It’s no secret that Christmas has been under attack by secular groups for the past several years, with court challenges to nativity scenes becoming nearly as much a seasonal tradition as the crèches that have graced cathedrals, churches, and chapels for more than a century throughout America.
Even as atheists in the Army are lobbying for chaplains for unbelievers, pagans and Wiccans at the U.S. Air Force Academy in Colorado Springs, Colorado, have a place to cast their spells. And their new open-air “Stonehenge-like” ring of stones was provided at a cost of nearly $80,000 to the American taxpayers.
The death of longtime homosexual activist Frank Kameny offered an opportunity for “LGBT” professionals to gather and celebrate their increasing presence in the federal government, as well as to insist that more be done to advance their interests.
While churches, pastors, and Christians everywhere bemoan the state of spirituality in today’s culture, Americans can point to few notable Christian leaders in the nation. The findings of a November 21 study led the Barna Group to conclude that there are gaps to be filled — if not for national leaders, at least for “more local and regional Christian leaders to emerge — whether in churches, ministries, or a variety of other capacities.”
Raise the issue of religious lobbying and the average American will immediately think of groups like the Moral Majority and the Christian Coalition, which enjoyed their heyday back in the 1980s and ’90s. But a new study by the Pew Forum on Religion and Public Life reveals that the number of religious — and anti-religious — groups pushing a plethora of values-based agendas has exploded over the past 40 years.
Catholics who believe the federal government should not be able to compel healthcare providers to perform abortions “have this conscience thing” that they really need to overcome, House Minority Leader Nancy Pelosi (D-Calif.) told the Washington Post recently. Otherwise, she said, women “could die” from a lack of access to abortion services.
A half dozen Republican candidates capitalized on their faith in an attempt to woo conservative voters in Iowa November 19, meeting with the faithful at an event entitled the Thanksgiving Family Forum (at left, candidates Ron Paul, Michelle Bachmann, Rick Santorum). Sponsored by a state organization called the Family Leader, with the help of Focus on the Family’s Citizen Link and the National Organization for Marriage, the event was “meant to mimic the holiday dinner, with six candidates — Michele Bachmann, Herman Cain, Newt Gingrich, Ron Paul, Rick Perry, and Rick Santorum — gathered around a table participating in a discussion moderated by [conservative pollster] Frank Luntz,” reported the Los Angeles Times. The Times identified the lead sponsor of the event as Bob Vander Plaats, “a three-time gubernatorial candidate [who] founded Family Leader to be a galvanizing force for social conservatives ahead of the state’s lead-off nominating caucuses.”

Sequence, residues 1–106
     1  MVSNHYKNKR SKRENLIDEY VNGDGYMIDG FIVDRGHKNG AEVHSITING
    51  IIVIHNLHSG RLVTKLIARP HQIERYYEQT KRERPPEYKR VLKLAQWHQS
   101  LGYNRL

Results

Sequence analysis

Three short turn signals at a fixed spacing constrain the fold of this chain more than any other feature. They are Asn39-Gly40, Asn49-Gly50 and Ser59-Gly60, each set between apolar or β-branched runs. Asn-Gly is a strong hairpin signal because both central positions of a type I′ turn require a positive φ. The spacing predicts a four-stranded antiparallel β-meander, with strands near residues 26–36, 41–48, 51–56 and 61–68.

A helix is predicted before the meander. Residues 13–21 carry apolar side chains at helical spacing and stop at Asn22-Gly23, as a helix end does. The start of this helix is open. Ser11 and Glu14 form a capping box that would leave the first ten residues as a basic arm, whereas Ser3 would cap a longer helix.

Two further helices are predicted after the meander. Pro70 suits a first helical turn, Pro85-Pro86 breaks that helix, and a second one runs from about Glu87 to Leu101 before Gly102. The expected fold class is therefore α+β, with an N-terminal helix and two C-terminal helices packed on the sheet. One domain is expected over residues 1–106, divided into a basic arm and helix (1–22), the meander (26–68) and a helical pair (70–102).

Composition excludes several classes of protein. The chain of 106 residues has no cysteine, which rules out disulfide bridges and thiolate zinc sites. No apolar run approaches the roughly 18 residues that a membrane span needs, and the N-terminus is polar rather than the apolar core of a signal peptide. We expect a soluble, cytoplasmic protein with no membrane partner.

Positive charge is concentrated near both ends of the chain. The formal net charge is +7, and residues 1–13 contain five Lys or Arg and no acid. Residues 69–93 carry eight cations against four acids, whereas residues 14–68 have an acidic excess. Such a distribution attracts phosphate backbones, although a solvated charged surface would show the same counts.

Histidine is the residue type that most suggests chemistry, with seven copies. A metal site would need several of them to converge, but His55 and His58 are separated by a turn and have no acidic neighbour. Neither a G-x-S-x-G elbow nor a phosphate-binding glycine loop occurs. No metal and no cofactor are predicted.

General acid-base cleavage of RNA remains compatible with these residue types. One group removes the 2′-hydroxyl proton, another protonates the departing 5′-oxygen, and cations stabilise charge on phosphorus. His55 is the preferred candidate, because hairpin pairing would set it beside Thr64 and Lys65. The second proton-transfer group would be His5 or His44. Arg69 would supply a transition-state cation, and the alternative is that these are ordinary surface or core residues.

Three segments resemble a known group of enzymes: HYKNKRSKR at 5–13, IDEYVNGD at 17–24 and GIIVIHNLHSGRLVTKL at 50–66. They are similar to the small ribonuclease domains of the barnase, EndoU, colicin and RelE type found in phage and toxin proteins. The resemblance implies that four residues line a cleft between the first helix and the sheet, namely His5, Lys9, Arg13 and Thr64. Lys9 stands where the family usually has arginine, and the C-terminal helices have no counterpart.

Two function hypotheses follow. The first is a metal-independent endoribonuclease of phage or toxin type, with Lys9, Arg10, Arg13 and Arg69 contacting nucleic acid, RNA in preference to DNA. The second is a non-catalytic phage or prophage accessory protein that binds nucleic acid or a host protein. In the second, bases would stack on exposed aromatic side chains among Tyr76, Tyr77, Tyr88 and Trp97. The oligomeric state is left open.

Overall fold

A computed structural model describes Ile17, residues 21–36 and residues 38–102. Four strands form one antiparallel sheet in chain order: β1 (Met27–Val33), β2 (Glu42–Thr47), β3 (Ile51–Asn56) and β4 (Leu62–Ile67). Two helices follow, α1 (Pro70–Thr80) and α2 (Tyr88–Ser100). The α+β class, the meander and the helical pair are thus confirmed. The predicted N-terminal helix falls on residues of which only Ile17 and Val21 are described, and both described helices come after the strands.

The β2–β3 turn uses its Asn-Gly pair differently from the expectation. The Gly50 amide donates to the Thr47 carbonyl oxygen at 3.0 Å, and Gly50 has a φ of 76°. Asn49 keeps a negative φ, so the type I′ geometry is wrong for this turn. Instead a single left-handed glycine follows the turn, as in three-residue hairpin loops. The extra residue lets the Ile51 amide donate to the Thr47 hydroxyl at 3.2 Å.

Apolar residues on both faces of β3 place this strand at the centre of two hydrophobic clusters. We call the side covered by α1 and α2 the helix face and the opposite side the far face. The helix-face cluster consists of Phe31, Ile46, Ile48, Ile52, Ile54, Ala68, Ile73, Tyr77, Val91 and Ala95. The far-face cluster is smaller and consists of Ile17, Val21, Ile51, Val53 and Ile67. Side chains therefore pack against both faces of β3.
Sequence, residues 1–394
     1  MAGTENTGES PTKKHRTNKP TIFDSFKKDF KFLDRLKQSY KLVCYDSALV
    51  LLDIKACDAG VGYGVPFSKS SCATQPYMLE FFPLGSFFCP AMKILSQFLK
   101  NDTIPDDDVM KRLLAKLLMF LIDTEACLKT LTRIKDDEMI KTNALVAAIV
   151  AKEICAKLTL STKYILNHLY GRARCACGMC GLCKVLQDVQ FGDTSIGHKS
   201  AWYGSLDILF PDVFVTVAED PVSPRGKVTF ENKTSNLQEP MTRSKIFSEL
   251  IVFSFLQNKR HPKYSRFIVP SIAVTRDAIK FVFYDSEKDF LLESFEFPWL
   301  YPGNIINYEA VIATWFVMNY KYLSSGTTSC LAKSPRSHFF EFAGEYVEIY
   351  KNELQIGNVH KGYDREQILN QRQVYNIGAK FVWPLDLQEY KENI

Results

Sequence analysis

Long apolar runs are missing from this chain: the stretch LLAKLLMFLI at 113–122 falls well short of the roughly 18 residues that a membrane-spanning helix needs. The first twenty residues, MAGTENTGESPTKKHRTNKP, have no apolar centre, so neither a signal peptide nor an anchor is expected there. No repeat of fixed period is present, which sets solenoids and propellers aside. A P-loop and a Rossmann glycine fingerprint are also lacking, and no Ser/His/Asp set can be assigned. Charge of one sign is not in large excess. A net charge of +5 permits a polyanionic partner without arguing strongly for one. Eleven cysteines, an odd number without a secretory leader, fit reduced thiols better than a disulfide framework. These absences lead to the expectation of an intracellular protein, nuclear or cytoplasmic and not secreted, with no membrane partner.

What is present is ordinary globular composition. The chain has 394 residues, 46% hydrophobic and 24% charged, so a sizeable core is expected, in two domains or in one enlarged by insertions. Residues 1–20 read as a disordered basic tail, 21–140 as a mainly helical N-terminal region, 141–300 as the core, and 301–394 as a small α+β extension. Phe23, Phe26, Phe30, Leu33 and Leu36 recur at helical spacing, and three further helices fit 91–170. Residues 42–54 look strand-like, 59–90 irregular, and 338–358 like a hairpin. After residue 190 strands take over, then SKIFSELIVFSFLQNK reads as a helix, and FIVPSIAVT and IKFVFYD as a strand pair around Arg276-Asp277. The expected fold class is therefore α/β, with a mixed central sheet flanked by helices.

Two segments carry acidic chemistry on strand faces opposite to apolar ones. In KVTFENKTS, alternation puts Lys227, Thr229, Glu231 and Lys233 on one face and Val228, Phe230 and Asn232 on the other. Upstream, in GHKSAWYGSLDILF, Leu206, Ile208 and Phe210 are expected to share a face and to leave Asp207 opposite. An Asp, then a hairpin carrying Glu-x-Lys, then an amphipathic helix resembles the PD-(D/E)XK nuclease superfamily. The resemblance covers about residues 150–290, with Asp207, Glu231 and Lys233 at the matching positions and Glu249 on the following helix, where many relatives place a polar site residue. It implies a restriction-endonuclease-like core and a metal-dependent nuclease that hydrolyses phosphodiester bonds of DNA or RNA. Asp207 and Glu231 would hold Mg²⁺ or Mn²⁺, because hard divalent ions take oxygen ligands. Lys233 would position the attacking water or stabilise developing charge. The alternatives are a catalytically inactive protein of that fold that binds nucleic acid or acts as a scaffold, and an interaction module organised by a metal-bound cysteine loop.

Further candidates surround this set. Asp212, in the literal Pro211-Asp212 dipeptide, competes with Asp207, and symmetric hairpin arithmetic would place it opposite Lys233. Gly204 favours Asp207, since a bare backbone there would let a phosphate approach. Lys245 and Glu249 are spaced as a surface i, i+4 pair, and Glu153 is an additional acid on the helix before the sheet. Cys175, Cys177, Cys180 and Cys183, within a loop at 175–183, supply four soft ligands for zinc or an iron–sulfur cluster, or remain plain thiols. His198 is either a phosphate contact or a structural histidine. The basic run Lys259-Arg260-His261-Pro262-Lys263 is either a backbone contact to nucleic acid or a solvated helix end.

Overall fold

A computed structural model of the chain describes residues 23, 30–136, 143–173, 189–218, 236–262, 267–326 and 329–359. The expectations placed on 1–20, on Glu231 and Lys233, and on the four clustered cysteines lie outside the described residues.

Four of MF Global’s former clients have made public their experiences with the failed financial derivatives broker, each of them losing their money and two of them their businesses as a result of MF Global’s bankruptcy.
Citing the uncertain economy and the scarcity of needed capital, the company that launched the first government funded embryonic stem-cell trials announced that it is halting further stem-cell research and will lay off nearly 40 percent of its staff. The California-based Geron Corp., which began the first FDA-approved stem-cell trials in 2010, said that it would shift its focus to cancer research.
On Veterans Day, November 11, Oscar Ramiro Ortega-Hernandez fired shots with a Romanian Cugir SA (semi-automatic rifle) from the general direction of the Ellipse and Washington Monument toward the White House. One of the bullets was found between the outer glass and the bulletproof layer of a window on the White House’s second floor, which is part of the first family’s residential quarters, in a largely unplanned apparent assassination attempt on President Obama.